4. Change the plan design to drive services to the hospital and its physicians. One of the goals the client hospital chose to act on was to drive more members of the employee plan to use the hospital and its physicians. "There were a lot of opportunities based on the geography of patients and dependents…and they had enough physicians and a growth strategy for the network to engage more patients," Ms. O'Connor says.

The white paper explains that the hospital, with the help of their consulting team, reorganized the insurance plan to have members pay less out-of-pocket if they used the hospital's pharmacy, facilities and physicians, thus making it more attractive for the patients to use the hospital's facilities.

According to Ms. O'Connor, implementing this resulted in half of the hospital's savings.

5. Take ownership of medical management services. In this case, the hospital took utilization management programs away from the insurance carrier and had an independent third-party company manage them, with medical leadership from the hospital overseeing the services.

One of the critical differences between having the insurer and the third party in charge of the programs is that the third party was able to counsel members on the financial implications of using a provider outside of the domestic network. "This impacts hugely on utilization," Ms. O'Connor says. "Contractually, insurance companies cannot steer [patients] to any one facility or physician."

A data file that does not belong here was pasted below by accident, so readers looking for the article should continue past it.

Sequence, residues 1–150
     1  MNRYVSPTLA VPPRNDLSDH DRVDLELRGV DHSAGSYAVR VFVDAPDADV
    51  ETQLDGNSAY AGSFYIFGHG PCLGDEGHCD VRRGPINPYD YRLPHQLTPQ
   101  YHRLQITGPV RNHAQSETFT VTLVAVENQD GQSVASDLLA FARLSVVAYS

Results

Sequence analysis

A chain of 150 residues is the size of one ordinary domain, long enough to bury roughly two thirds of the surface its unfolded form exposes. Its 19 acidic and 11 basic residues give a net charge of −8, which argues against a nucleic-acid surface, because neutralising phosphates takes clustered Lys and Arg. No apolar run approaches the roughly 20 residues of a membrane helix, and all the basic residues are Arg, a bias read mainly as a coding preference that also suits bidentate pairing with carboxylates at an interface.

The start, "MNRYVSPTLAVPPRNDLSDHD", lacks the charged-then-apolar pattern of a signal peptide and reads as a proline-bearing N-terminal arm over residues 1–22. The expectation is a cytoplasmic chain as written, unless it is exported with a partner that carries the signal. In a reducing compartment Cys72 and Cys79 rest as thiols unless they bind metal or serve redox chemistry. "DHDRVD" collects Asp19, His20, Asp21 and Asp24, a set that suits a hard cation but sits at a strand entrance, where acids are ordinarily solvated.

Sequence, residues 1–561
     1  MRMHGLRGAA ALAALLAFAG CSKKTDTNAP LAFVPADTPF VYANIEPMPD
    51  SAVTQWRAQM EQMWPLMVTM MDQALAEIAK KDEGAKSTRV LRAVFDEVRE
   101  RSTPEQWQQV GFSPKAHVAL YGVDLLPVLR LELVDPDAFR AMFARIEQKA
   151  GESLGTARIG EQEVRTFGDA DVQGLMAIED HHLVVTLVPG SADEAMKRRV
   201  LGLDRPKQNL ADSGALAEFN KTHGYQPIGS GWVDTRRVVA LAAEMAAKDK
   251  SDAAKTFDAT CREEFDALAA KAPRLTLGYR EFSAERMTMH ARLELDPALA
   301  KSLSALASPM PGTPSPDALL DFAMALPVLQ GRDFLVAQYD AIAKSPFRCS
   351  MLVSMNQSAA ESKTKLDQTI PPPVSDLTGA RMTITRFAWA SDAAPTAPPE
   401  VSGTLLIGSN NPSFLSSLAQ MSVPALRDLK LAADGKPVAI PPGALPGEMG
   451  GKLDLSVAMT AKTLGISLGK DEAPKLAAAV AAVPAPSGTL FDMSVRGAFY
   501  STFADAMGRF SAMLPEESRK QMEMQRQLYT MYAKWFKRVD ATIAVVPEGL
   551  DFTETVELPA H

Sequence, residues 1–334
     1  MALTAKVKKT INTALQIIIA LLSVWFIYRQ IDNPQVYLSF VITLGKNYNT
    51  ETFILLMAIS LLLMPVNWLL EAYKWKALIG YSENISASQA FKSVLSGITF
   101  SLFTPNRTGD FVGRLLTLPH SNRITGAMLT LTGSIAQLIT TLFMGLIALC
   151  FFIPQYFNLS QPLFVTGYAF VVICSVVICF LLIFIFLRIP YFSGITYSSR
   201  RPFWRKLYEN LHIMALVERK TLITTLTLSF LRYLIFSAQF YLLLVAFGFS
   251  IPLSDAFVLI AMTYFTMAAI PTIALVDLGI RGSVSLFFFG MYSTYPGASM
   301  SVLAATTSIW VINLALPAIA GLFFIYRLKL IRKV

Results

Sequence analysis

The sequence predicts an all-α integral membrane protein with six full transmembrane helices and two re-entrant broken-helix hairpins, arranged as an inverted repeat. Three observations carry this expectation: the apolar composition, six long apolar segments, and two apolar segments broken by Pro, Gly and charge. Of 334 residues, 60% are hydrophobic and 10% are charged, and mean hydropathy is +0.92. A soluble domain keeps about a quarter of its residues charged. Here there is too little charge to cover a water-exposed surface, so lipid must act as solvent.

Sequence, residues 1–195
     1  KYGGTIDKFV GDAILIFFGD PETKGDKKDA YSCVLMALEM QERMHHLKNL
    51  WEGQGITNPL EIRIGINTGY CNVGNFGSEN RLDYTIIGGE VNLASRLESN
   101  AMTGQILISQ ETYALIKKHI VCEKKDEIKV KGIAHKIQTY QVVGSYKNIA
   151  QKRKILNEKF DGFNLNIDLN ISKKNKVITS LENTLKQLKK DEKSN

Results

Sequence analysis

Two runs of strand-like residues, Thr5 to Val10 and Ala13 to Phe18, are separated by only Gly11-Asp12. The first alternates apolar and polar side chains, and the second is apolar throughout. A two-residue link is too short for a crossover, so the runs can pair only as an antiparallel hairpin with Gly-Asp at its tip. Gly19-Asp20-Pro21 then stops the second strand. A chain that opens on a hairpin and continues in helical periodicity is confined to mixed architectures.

The client hospital also carved disease and care management out from the insurer and took over those functions using the same independent third party that provides a holistic, integrated care management program. The nurses work with each other and work with the patient, not the patient's "disease" or "case". The hospital participated in the hiring and selection of the nurses to perform care management and integrated them into the organization's community, making the nurses highly accessible to the high-risk members and their physicians in the population. The nurses worked closely with both providers and patients to manage care, another key factor in the success. "The nurses spend a significant amount of time with providers, helping them to manage their patients in between visits to improve health literacy, compliance and utilization of resources," says Ms. O'Connor

This step resulted in the other half of the hospital's savings, according to Ms. O'Connor.

Following the five steps is only the beginning of a journey to accountable care. "This starts the process of taking ownership for population health management and creating infrastructure for accountable care," she says. "You can't build to accountable care unless you do these things first. This is the bare foundation."

Once set, the next step for hospitals is to have an ongoing quality or performance improvement process that continues to review progress, acquire new data, mine the data for new opportunities, value those opportunities, and then execute; always mindful of how the results are measured.

More Articles on Population Health Management:

Stratify and Manage Your Emergency Patient Populations: The Importance of Streamlined Follow-up Communication
Coordinating Care for the Chronically Ill Through Care Networks
Managing Population Health: Where Should Hospitals Begin?